She was joy wrapped in skin, cheeks chubby with wide smiles, ringlets of hair framing her face.
I lost years with her as we grew and I became too cool for a younger sister who tagged along and would never stop singing.
I remember telling her if she could just be quiet, she could stay, but inevitably, almost every time, she would catch herself in song.
You can't silence a song bird, you know, and who in her right mind would ever want to, I ask myself now.
When I lost my cool, she found hers. A college student herself and me freshly married, we didn't quite see eye to eye until life came hailing down on top of our heads and we lost the man we called dad.
She drove us to the hospital one day before he died.
And she sang almost the whole way there.
I'll never forget the way I felt when I heard song slip from her lips on a drive into the darkest day ... like heaven spilled a little bit of peace out of its gates and I got to bask in it for a few minutes.
God is the God of second chances even when it seems like death is winning. The day our father died, I cried in my sister's arms.
The older melting into the younger, like she used to melt into my arms as a baby, while realizing the gift of grace God meant a sister to be.
As if that gift weren't enough, she moved into the spare bedroom of our house just a few months later, and I silently thanked God for making more time to live beneath the same roof after the time I had naively squandered.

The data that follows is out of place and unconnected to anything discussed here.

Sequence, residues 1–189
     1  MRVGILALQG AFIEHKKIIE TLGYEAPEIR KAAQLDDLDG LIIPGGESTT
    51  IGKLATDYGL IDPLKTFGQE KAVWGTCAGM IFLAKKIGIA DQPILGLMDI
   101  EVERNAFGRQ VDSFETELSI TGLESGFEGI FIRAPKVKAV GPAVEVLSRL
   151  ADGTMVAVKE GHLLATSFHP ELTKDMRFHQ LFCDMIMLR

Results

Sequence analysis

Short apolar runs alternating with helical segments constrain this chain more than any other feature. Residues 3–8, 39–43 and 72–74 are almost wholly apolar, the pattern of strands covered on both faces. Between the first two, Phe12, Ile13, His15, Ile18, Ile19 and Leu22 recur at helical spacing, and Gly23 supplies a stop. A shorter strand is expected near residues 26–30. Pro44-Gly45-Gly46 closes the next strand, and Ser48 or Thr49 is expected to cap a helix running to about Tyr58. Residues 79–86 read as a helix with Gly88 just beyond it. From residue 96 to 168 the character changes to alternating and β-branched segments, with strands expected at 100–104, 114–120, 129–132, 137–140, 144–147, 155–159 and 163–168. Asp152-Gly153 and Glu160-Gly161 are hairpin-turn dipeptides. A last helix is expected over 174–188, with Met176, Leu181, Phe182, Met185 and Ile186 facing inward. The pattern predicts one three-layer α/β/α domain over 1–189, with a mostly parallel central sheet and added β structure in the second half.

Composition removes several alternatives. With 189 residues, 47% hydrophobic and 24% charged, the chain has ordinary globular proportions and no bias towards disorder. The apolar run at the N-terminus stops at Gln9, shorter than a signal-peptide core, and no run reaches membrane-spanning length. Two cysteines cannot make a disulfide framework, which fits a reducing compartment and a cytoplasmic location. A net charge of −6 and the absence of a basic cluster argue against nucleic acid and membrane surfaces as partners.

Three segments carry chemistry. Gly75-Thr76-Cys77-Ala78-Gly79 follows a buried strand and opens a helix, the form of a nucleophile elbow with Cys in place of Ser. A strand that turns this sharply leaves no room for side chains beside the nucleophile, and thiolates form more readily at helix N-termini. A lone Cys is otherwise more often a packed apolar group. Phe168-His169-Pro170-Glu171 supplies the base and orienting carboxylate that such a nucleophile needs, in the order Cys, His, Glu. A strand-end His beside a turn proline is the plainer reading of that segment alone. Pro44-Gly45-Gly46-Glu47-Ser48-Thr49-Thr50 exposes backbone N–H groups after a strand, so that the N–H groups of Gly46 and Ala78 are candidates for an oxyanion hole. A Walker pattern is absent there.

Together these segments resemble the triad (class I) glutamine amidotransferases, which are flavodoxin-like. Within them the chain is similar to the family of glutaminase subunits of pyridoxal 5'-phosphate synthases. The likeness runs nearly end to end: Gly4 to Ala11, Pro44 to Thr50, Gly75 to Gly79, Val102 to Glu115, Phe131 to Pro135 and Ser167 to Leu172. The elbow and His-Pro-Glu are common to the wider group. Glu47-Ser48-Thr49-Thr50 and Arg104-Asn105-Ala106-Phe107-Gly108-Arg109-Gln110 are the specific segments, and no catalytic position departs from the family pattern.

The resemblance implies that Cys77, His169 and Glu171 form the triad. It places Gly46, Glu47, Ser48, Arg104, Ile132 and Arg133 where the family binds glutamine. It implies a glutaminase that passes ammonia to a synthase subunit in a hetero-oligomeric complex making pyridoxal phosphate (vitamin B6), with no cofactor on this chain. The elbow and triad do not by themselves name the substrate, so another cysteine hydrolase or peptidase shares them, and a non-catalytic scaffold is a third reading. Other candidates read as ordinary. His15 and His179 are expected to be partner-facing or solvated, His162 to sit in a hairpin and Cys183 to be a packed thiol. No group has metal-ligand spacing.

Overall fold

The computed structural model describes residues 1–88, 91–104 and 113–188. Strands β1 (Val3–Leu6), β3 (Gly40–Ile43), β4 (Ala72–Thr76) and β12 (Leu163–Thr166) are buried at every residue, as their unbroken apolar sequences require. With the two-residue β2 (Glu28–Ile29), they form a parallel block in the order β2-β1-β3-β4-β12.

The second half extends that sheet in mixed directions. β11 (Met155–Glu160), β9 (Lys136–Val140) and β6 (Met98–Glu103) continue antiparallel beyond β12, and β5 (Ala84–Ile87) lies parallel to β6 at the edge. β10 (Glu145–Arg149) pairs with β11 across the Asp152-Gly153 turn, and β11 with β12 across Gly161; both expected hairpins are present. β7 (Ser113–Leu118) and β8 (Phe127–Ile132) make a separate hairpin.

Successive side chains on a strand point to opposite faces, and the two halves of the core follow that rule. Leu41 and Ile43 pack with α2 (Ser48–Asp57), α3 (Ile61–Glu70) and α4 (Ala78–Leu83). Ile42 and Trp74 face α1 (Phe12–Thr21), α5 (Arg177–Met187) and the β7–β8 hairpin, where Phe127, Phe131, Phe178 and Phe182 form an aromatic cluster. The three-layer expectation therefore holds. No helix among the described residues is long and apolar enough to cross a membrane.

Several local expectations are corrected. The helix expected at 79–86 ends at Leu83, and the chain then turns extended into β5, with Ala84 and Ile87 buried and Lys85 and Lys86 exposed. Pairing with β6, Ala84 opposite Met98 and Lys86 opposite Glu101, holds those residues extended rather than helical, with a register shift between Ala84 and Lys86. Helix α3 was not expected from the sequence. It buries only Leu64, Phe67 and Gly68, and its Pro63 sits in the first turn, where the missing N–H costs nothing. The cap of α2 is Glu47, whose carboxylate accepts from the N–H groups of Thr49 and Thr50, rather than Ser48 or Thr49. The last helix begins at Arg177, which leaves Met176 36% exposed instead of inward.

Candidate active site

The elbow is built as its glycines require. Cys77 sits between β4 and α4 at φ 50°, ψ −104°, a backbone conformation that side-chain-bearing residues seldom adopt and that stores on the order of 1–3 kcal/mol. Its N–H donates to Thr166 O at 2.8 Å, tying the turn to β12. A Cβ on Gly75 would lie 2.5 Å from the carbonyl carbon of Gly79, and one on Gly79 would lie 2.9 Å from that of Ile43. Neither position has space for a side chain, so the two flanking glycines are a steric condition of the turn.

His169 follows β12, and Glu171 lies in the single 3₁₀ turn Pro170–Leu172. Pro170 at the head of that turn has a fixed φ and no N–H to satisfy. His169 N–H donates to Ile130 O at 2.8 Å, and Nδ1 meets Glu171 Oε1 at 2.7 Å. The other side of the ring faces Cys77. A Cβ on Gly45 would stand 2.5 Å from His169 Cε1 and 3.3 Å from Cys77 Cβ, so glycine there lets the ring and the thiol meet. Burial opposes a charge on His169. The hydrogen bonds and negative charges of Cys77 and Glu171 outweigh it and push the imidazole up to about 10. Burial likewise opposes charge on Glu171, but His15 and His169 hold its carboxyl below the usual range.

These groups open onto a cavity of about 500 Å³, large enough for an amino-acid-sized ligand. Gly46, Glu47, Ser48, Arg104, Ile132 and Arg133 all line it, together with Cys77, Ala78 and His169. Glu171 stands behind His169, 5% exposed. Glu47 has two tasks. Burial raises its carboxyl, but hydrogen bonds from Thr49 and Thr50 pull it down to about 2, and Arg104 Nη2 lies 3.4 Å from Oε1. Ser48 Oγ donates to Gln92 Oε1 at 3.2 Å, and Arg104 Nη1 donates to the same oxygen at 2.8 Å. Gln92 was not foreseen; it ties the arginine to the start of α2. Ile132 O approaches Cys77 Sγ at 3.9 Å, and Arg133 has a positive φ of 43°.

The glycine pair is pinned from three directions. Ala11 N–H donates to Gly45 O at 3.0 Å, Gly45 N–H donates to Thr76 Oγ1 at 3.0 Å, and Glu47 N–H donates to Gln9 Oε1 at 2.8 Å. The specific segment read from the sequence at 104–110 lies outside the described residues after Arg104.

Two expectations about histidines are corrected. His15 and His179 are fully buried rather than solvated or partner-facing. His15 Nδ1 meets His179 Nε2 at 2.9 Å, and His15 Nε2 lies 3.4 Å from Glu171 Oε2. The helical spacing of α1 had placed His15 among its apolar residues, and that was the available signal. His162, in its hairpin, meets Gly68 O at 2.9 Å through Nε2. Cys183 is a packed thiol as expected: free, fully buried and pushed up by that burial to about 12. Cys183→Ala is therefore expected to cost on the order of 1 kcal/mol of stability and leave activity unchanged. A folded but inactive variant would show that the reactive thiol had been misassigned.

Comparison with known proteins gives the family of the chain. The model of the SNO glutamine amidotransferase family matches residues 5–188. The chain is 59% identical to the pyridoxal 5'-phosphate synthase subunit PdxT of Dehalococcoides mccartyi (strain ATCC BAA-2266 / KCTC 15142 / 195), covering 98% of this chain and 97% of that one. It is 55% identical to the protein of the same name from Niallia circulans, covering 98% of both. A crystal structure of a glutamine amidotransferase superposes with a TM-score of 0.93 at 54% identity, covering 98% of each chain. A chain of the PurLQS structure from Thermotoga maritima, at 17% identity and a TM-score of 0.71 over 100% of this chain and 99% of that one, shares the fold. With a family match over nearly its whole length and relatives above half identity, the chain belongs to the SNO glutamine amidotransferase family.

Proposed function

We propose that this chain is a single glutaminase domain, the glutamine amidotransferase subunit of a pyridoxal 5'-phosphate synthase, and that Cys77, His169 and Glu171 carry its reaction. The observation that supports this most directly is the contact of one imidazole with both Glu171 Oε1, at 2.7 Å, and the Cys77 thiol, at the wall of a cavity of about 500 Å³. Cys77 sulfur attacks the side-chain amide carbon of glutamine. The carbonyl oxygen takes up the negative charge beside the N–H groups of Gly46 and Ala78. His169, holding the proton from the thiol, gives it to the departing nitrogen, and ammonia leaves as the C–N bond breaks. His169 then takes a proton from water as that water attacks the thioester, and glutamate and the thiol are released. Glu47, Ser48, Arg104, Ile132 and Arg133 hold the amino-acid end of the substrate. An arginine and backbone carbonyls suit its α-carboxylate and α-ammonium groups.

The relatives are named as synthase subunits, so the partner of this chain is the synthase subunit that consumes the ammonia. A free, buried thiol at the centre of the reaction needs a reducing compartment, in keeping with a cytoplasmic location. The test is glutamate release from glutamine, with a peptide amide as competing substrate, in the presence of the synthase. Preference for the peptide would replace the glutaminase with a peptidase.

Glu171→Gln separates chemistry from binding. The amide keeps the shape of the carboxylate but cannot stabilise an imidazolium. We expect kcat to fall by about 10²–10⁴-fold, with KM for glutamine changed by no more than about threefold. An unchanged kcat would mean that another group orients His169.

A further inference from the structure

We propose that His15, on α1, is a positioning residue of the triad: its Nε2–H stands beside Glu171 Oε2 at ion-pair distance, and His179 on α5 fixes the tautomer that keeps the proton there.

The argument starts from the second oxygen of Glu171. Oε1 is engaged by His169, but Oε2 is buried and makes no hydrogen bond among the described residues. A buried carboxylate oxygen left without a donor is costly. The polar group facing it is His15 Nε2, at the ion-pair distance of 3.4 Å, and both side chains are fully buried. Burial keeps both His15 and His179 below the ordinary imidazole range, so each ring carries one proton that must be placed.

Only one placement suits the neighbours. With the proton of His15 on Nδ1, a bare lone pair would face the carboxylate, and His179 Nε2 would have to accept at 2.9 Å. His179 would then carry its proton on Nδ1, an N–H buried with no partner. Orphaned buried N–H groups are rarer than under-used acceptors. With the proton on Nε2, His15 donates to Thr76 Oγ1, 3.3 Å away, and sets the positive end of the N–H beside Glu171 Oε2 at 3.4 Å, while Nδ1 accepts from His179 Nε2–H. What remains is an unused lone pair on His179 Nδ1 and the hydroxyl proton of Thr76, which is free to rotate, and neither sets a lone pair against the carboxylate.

We laughed a lot. We threw dance parties with the boys on cold, rainy days. We shared coffee in the early mornings.
It wasn't long until someone else discovered the gift I had found in her, and swept her off her feet and into marriage and then motherhood.
|Photo by Julie Valkanet Photography|
In laws like brothers, cousins like siblings, aunts and uncles like another set of parents ... and sisters like, well, sisters. But in the way God meant it instead of the way I once saw it.
I waved goodbye this morning, after they packed the final boxes at their home right down the street, kissed the soft cheeks of my niece, more joy wrapped in skin, just like her mother.
Instead of a few measly miles in between our houses, there will now be hours upon blasted hours.
As I hugged her, I cried and she wrapped me up in her arms.
I remember the years I wish I could reclaim, the ones I took my sister for granted; I think of the ones that have been redeemed.
I think of the miles that are going to be the space between us
the hours that will separate us
and I know, like I couldn't have once known but understand now years and life later,
all of that space can't hold
the song she keeps singing
and those hours
can't steal the gift of a grace that is sisterhood
and that what I've found
in the hours
in the space
her own heart
are strings tied together
that go to the whole distance
mile by long mile
and hour by long hour.